Research by The Royal London National Funeral Cost Index 2017 reveals funeral debt has also risen to £160 million.
One in six (16%) said they struggled with funeral costs, with people taking on an average debt of £1,680. Amongst those who struggled, one in four said they borrowed money from family and friends (26%) and a further one in four (23%) went into debt by taking out a loan or going into their overdraft to pay funeral costs. A record number of people were also selling their possessions to repay funeral debt, with one in ten (10%) of those struggling with funeral payments taking this approach.
The average cost of a funeral has also increased to £3,784. For a second year, Kensal Green in London is the most expensive location in the UK for a funeral with an average cost of £6,516, an increase of 1% from 2016. Belfast retains its place as the cheapest location with the average cost of a funeral at £3,036.
The research also found lower cost funeral options such as direct cremations – a no frills funeral – continue to be popular. Of all the cremation funerals held, 10% did not include a ceremony or service. However, those who choose to have a ceremony or service saw an increase in costs, with the amount spent on discretionary funeral items such as catering and venue hire rising. The combined spending on venue and catering has increased by 10% from £765 in 2014 to £840 in 2017.
Commenting on the findings, Royal London’s funeral cost expert, Louise Eaton-Terry, said “The decline in funeral inflation we identified last year was a temporary respite, as our latest research shows funeral costs are on the rise again. With thousands of bereaved people struggling to pay funeral costs and taking on nearly £1,700 in debt to ensure their loved one has a decent send-off, it is clear that Government action to tackle funeral poverty is long overdue.”
“The Scottish Government is leading the way with its commitment to providing help and guidance on funeral costs for consumers. We want Westminster to follow Scotland’s lead and do more to address the issue of rising funeral debt.”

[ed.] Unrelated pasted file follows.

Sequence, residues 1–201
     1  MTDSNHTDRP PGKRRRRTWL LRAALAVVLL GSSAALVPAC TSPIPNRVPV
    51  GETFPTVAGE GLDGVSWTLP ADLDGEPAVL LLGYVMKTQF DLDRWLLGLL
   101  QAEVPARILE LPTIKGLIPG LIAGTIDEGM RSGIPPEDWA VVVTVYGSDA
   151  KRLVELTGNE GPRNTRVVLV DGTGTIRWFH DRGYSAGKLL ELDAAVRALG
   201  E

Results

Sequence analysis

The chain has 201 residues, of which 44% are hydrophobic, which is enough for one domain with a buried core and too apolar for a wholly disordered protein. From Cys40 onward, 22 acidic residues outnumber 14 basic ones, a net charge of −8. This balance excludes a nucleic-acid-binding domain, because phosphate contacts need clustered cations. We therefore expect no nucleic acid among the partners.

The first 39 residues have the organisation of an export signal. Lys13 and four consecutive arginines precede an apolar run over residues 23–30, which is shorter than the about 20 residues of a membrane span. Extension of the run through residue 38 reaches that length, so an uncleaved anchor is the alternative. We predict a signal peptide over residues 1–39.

Institute of Cemetery & Crematorium Management’s chief executive, Tim Morris, said “Increases in funeral costs are evident by the increases in Local authority arranged Public Health Funerals, number of new breed funeral directors providing a direct option and crowd-funding appeals on social media.
“The Scottish Government’s Ten Point Plan designed to alleviate funeral poverty, the Department of Work & Pensions consultation on reform of the Social Fund and the introduction of an Inspector of Funeral Directors in Scotland indicate that a crisis has been identified. Unfortunately only the Scottish Government has acted in respect of the shortage of burial space crisis that affects circa 25% of the population. This additional driver of funeral poverty requires urgent attention in England & Wales.”
Royal London is calling for:
- Policymakers in England, Wales and Northern Ireland to follow Scotland’s lead and do away with the fees charged by doctors to bereaved families for certifying a death, currently at £164;
- Department for Work and Pensions to widen its review of the Social Fund Funeral Expenses Payment to include the inadequate level of the payment and the length of time it takes to process claims; and
- The funeral sector to respond to the latent demand from consumers for simpler and cheaper funeral options, by providing more access to direct cremation type services.
Most expensive locations for funerals
|Manor Park (London)||£6,577||£3,333||£4,955|
Least expensive locations for funerals
|Burton on Trent||£3,288||£3,223||£3,256|